Responding to DOMA with the spirit of Lincoln
July 2, 2013 § 1 Comment
Yesterday I wrote about reactions to the DOMA decision, arguing that some of the opposition disturbed me in its hyperbole and in its mix of despair and vituperation. I tried to offer an approach more sensitive to the human and personal realities at stake, an approach that takes seriously the moral disagreements without reducing people to political issues, without retreating into enclaves of social media.
As I reflected further, I thought of a great passage from one of my favorite books of the last few years, Doris Kearns Goodwin’s Team of Rivals: The Political Genius of Abraham Lincoln. It is admittedly a different context, but Lincoln’s comments offer wisdom to anyone engaged in passionate conversation about vital matters, particularly matters that relate to politics and religion. His comments, more importantly, apply to people on all sides of an issue. According to Goodwin:
Rather than upbraid slaveowners, Lincoln sought to comprehend their position through empathy. More than a decade earlier, he had employed a similar approach when he advised temperance advocates to refrain from denouncing drinkers in “thundering tones of anathema and denunciation,” for denunciation would inevitably be met with denunciation, “crimination with crimination, and anathema with anathema.” In a passage directed at abolitionists as well as temperance reformers, he had observed that it was the nature of man, when told that he should be “shunned and despised,” and condemned as the author “of all the vice and misery and crime in the land,” to “retreat within himself, close all the avenues to his head and his heart.”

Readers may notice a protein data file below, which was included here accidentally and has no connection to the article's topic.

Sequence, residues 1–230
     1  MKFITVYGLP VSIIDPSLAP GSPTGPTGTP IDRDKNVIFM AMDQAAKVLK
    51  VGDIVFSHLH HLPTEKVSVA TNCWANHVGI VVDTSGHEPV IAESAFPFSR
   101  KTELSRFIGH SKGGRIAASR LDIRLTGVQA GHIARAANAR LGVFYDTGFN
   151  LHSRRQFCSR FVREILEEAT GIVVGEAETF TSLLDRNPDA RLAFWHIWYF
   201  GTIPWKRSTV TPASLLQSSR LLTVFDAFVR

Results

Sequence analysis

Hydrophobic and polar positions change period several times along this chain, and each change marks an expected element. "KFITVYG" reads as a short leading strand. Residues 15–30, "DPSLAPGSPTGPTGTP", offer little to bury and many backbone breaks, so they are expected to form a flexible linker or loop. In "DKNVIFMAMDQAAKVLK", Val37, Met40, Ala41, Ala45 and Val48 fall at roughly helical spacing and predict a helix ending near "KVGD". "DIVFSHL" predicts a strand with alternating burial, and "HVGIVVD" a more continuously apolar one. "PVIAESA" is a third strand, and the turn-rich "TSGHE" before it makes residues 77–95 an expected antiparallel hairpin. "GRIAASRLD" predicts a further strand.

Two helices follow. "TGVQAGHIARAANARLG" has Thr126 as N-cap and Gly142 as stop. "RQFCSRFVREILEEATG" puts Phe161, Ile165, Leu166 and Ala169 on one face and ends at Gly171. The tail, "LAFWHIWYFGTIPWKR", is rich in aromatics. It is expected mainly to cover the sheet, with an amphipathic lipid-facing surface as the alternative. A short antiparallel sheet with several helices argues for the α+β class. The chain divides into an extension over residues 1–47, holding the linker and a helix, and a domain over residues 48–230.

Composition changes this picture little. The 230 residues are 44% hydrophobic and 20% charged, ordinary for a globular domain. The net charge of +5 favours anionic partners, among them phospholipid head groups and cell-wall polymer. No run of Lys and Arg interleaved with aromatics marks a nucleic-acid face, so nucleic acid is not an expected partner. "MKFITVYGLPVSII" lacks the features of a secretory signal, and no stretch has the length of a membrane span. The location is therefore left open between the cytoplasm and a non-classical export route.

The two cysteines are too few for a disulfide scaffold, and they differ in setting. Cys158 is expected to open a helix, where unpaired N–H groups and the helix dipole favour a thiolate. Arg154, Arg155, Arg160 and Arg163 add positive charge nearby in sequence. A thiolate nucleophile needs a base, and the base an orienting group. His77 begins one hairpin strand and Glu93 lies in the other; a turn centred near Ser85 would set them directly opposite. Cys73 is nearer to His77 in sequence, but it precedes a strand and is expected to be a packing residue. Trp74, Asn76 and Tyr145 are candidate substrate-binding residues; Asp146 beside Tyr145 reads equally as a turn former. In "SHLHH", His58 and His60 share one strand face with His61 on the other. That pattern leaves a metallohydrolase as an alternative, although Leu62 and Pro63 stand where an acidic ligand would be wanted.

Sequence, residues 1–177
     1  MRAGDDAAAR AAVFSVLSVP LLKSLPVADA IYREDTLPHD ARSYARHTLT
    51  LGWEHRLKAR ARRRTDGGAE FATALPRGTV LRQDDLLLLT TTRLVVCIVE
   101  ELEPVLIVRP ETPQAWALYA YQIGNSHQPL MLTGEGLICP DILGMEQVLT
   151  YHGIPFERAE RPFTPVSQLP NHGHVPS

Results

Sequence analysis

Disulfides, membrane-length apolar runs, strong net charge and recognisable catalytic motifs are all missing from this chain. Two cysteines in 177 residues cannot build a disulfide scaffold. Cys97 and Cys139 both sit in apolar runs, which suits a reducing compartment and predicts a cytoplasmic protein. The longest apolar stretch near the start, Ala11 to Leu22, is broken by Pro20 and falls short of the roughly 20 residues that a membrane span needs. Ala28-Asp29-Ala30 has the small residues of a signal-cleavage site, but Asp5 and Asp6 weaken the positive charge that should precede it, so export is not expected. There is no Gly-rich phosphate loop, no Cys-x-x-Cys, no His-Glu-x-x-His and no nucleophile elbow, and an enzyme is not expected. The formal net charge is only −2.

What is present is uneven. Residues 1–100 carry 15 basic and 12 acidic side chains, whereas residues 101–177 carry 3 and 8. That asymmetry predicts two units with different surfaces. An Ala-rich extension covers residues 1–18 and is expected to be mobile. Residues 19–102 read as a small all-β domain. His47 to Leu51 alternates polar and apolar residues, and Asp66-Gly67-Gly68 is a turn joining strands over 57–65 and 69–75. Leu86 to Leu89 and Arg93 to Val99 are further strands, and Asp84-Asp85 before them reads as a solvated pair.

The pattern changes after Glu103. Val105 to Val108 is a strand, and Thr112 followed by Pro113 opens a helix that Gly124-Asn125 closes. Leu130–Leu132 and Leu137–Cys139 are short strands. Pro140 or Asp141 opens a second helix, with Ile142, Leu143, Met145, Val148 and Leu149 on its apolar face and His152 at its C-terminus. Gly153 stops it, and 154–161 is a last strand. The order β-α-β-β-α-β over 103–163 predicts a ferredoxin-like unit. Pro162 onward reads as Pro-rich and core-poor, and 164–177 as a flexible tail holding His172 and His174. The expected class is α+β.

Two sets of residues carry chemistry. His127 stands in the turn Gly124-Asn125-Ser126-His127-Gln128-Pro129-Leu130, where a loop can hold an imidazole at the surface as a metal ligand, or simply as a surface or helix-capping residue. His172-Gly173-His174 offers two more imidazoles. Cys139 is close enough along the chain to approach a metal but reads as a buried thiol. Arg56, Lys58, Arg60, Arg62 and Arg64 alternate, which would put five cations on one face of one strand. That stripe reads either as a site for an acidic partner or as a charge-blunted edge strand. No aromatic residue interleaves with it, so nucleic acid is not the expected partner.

Though the cause be “naked truth itself, transformed to the heaviest lance, harder than steel,” the sanctimonious reformer could no more pierce the heart of the drinker or the slaveowner than “penetrate the hard shell of a tortoise with a rye straw. Such is man, and so must he be understood by those who would lead him.” In order to “win a man to your cause,” Lincoln explained, you must first reach his heart, “the great high road to his reason.” (p. 167-168)